The origin of the word "Zionism" is the biblical word "Zion," often used
as a synonym for Jerusalem and the Land of Israel (Eretz Yisrael). Zionism
is an ideology which expresses the yearning of Jews the world over for
their historical homeland - Zion, the Land of Israel.
The hope of returning to their homeland was first held by Jews exiled to
Babylon some 2,500 years ago - a hope which subsequently became a reality.
("By the waters of Babylon, there we sat down and wept when we remembered
Zion." Psalms 137:1). Thus political Zionism, which coalesced in the 19th
century, invented neither the concept nor the practice of return. Rather,
it appropriated an ancient idea and an ongoing active movement, and
adapted them to meet the needs and spirit of the times.
The core of the Zionist idea appears in the Declaration of the
Establishment of the State of Israel (14 May 1948), which states, inter
The Foundations of Zionism
The idea of Zionism is based on the long connection between the Jewish
people and its land, a link which began almost 4,000 years ago when
Abraham settled in Canaan, later known as the Land of Israel.
Central to Zionist thought is the concept of the Land of Israel as the
historical birthplace of the Jewish people and the belief that Jewish life
elsewhere is a life of exile. Moses Hess, in his book Rome and Jerusalem
(1844), expresses this idea:
"Two periods of time shaped the development
of Jewish civilization: the first, after the liberation from Egypt, and
the second, the return from Babylon. The third shall come with the
redemption from the third exile."
Over centuries in the Diaspora, the Jews maintained a strong and unique
relationship with their historical homeland, and manifested their yearning
for Zion through rituals and literature.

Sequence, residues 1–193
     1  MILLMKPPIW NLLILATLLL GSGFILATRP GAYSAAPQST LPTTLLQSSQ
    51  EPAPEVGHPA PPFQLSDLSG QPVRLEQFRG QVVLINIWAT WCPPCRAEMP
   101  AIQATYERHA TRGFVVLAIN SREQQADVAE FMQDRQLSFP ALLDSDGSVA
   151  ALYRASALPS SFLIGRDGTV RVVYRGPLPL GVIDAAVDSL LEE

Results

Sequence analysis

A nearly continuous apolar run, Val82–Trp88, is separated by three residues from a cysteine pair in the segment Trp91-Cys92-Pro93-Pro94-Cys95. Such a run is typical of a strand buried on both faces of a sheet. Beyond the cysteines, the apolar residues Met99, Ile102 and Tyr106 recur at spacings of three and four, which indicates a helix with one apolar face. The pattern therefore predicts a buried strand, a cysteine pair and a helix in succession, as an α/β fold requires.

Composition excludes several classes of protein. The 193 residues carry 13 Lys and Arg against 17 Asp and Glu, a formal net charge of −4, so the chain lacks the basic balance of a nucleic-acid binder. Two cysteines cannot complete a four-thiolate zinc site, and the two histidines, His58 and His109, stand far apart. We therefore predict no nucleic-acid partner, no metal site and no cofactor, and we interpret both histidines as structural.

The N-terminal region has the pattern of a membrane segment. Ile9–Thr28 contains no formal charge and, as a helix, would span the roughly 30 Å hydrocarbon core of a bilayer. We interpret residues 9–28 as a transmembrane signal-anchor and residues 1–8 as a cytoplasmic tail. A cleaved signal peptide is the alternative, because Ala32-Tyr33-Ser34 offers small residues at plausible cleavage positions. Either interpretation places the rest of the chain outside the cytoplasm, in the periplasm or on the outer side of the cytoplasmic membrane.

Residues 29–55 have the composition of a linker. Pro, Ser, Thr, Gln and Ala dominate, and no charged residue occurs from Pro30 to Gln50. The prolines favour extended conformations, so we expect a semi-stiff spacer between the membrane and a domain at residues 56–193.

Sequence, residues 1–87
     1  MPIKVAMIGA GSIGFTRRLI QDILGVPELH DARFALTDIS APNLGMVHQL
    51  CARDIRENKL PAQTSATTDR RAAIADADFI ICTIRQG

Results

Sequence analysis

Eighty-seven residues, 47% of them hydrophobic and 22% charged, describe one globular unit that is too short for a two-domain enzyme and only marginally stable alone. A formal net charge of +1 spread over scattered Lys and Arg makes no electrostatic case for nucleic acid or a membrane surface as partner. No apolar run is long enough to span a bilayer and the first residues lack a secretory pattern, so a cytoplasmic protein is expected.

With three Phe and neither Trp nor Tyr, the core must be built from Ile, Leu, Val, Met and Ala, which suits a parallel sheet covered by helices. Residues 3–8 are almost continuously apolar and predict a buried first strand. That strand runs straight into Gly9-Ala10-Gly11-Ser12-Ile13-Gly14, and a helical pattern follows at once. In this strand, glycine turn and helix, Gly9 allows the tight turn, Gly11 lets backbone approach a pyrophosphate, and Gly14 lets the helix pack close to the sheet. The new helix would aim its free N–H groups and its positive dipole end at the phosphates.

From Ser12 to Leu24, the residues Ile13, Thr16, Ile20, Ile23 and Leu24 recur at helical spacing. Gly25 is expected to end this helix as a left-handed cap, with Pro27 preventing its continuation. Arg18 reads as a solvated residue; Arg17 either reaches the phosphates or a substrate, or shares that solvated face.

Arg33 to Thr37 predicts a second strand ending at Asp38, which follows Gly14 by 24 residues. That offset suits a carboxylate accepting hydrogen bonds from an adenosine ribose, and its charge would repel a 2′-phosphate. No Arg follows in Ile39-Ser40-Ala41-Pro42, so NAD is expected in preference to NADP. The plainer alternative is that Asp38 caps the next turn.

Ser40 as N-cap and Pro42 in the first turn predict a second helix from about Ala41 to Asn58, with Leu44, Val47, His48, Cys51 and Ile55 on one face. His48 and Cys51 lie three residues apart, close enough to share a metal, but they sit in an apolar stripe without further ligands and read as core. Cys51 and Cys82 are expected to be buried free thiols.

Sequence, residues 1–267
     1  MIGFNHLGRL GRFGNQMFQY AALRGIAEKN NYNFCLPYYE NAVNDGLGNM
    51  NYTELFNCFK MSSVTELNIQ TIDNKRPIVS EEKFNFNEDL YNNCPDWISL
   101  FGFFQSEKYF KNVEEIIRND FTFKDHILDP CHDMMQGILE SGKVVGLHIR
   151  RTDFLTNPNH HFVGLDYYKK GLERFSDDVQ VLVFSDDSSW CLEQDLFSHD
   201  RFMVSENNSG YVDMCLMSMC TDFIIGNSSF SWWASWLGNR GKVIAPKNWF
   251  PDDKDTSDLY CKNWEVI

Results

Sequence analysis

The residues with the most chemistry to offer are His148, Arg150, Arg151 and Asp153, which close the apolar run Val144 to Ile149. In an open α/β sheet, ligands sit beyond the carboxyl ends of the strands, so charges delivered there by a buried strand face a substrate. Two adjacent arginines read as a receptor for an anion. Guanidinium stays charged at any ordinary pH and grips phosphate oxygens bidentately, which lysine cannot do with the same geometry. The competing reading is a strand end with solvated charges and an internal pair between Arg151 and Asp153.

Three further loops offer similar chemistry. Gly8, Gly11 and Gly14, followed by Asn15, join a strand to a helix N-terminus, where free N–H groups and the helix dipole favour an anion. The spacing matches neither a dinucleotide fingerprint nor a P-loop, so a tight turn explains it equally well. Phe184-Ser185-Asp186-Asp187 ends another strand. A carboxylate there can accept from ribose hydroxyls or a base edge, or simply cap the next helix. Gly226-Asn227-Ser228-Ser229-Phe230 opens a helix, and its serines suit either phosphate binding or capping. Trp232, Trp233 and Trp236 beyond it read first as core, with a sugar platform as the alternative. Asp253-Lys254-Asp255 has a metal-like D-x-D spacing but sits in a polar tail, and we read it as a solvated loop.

While Zionism expresses the historical link binding the Jewish people to
the Land of Israel, modern Zionism might not have arisen as an active
national movement in the 19th century without contemporary antisemitism
preceded by of centuries of persecution.
Over the centuries, Jews were expelled from almost every European country
- Germany and France, Portugal and Spain, England and Wales - a cumulative
experience which had a profound impact, especially in the 19th century
when Jews had abandoned hope of fundamental change in their lives. Out of
this milieu came Jewish leaders who turned to Zionism as a result of the
virulent antisemitism in the societies surrounding them. Thus Moses Hess,
shaken by the blood libel of Damascus (1844), became the father of Zionist
socialism; Leon Pinsker, shocked by the pogroms (1881-1882) which followed
the assassination of Czar Alexander II, assumed leadership in the Hibbat Zion movement; and Theodor Herzl, who as a journalist in Paris experienced
the venomous antisemitic campaign of the Dreyfus case (1896), organized
Zionism into a political movement.
The Zionist movement aimed to solve the "Jewish problem," the problem of a
perennial minority, a people subjected to repeated pogroms and
persecution, a homeless community whose alienness was underscored by
discrimination wherever Jews settled. Zionism aspired to deal with this
situation by effecting a return to the historical homeland of the Jews -
the Land of Israel.
The history of aliya, much of which was in direct response to acts of
murder and discrimination against Jews, provides strong proof for the
Zionist argument that a Jewish state in the Land of Israel, with a Jewish
majority, is the only solution to the "Jewish problem."
Rise of Political Zionism
Political Zionism, the national liberation movement of the Jewish people,
emerged in the 19th century within the context of the liberal nationalism
then sweeping through Europe.
Zionism synthesized the two goals of liberal nationalism, liberation and
unity, by aiming to free the Jews from hostile and oppressive alien rule
and to reestablish Jewish unity by gathering Jewish exiles from the four
corners of the world to the Jewish homeland.
The rise of Zionism as a political movement was also a response to the
failure of the Haskalah, the Jewish Enlightment, to solve the "Jewish
problem." According to Zionist doctrine, the reason for this failure was
that personal emancipation and equality were impossible without national
emancipation and equality, since national problems require national
solutions. The Zionist national solution was the establishment of a Jewish
national state with a Jewish majority in the historical homeland, thus
realizing the Jewish people's right to self-determination. Zionism did not